Add this to the list of insidious places that fat can accumulate: your lungs.
A new study shows for the first time that fat can accumulate in the air walls of the lungs the authors wrote. The amount of fat accumulation was higher among people who were overweight or obese compared to those with normal weight.
In addition, the studies can, at least in part, explain why obesity is a risk factor for asthma, according to the study, published Thursday (October 17) in the European Respiratory Journal .
The link between obesity and asthma has been known for several years, but the reason for the link is not fully understood. Some researchers have suggested that being overweight puts direct pressure on the lungs, making breathing more difficult. Others have suggested that obesity can increase inflammation throughout the body, which contributes to asthma.
But the new study "suggests another mechanism is also playing," study co-author Peter Noble, an associate professor at the University of Western Australia in Perth, said in a statement . Fat accumulation can change the structure of human airways in a way that increases the risk of asthma, the authors say.
More research is still needed to confirm whether oily tissue in the airways really contributes to asthma, and whether weight loss can reduce asthma risk .
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The researchers had studied changes in the airways associated with respiratory diseases when they noticed that their lung samples showed that oily tissue was built up in the walls of the respiratory tract in the lungs. Elliot, a senior research manager at Sir Charles Gairdner Hospital in Perth. The researchers wondered if this fat accumulation was tied to body weight.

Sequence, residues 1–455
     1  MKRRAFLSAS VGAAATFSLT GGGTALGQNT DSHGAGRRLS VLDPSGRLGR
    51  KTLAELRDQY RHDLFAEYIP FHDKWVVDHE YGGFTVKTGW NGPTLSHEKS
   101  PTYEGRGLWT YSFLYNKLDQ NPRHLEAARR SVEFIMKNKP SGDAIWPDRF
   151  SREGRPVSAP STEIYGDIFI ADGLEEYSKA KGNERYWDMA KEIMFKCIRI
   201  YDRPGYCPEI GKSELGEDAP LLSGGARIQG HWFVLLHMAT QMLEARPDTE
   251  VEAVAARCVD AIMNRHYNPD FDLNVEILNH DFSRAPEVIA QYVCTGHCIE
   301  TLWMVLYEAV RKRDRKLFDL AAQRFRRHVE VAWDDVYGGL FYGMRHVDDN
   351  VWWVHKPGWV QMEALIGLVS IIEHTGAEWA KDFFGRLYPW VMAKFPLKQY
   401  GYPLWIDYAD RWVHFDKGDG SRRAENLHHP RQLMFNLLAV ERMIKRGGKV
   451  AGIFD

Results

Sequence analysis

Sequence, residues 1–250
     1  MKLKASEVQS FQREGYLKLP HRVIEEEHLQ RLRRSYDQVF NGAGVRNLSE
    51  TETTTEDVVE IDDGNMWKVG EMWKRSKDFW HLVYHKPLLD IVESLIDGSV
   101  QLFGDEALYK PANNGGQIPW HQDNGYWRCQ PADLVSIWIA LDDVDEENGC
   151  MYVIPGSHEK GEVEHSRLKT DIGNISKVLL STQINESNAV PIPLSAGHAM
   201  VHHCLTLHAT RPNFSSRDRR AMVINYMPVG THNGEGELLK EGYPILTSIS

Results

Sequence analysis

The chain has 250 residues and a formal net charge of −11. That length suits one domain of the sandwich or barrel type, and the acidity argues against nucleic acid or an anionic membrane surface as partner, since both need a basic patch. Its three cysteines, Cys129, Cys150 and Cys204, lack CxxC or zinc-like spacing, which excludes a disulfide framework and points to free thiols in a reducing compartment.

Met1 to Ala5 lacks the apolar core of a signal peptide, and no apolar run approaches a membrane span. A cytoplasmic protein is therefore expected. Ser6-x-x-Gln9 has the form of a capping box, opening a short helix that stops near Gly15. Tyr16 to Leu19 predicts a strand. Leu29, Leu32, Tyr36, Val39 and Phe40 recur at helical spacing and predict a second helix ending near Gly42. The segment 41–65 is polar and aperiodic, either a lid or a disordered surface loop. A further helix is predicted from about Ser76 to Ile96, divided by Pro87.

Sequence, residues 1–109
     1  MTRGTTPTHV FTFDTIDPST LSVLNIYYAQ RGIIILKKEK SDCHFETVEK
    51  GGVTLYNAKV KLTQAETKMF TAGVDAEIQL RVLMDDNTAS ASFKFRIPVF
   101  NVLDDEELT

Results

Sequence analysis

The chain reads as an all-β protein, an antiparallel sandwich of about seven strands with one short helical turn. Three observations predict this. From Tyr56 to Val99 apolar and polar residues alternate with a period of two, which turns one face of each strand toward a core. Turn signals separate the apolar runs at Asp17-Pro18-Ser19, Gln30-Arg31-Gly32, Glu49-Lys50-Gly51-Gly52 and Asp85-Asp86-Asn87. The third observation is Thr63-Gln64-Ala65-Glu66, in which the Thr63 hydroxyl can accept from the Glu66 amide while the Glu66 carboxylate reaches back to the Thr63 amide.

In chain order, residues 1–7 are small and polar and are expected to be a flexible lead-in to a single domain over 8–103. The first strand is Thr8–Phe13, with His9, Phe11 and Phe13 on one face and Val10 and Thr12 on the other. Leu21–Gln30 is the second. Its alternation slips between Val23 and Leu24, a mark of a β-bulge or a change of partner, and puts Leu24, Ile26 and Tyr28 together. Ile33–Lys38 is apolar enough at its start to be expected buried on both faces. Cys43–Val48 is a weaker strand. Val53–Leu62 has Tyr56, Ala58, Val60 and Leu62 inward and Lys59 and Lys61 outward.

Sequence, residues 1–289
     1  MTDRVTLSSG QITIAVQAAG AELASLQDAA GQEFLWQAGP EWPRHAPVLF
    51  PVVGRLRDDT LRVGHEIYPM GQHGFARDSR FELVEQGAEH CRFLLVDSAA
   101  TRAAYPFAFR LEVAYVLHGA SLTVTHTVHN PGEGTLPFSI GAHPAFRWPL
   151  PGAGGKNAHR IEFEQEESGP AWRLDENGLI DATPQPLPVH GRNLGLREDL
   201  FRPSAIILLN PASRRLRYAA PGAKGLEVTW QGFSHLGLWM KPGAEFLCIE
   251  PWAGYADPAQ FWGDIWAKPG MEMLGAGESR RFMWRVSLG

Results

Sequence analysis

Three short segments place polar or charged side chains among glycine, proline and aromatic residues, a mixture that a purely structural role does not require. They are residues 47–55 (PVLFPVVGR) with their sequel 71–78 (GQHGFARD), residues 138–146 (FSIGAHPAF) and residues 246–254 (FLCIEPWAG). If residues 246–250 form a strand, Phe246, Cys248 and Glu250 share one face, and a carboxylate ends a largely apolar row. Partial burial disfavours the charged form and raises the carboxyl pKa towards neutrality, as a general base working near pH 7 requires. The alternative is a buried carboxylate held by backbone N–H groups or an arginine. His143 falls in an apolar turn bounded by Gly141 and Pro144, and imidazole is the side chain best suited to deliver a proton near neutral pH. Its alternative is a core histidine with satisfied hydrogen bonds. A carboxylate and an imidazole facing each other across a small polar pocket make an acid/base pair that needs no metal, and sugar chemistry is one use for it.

To calculate it, Noble, Elliot and their colleagues analyzed postmortem airway tissue samples from 52 people, including 16 who had died of asthma-related causes, 21 people who had asthma but had died of other causes, and 15 people who did not. had some history of asthma before their deaths.
When the researchers used special dyes to analyze the tissue samples under a microscope, they saw the adipose tissue that had collected in the airway walls among people in each of the three groups.
In addition, the amount of fat in the airway walls was linked to each person's body mass index (BMI) which meant that more fat accumulated in individuals with higher BMI, compared to them. with lower BMI.
The researchers suggest that fat accumulation can lead to a thickening of the airways, which limits airflow. "It can at least partially explain an increase in asthma symptoms," among people with obesity, Noble said.
"This is an important finding on the relationship between body weight and respiratory disease because it shows how overweight or obese can be which aggravates the symptoms of people with asthma," said Thierry Troosters, chair of the European Respiratory Society, who was not involved in the study, in a station . "This goes beyond the simple observation that obese patients need to breathe more with activity … the observation points of real airway changes associated with obesity."
Although the results still need to be confirmed, doctors should support asthma patients to help them achieve or maintain a healthy weight, he said.
Originally published on Live Science .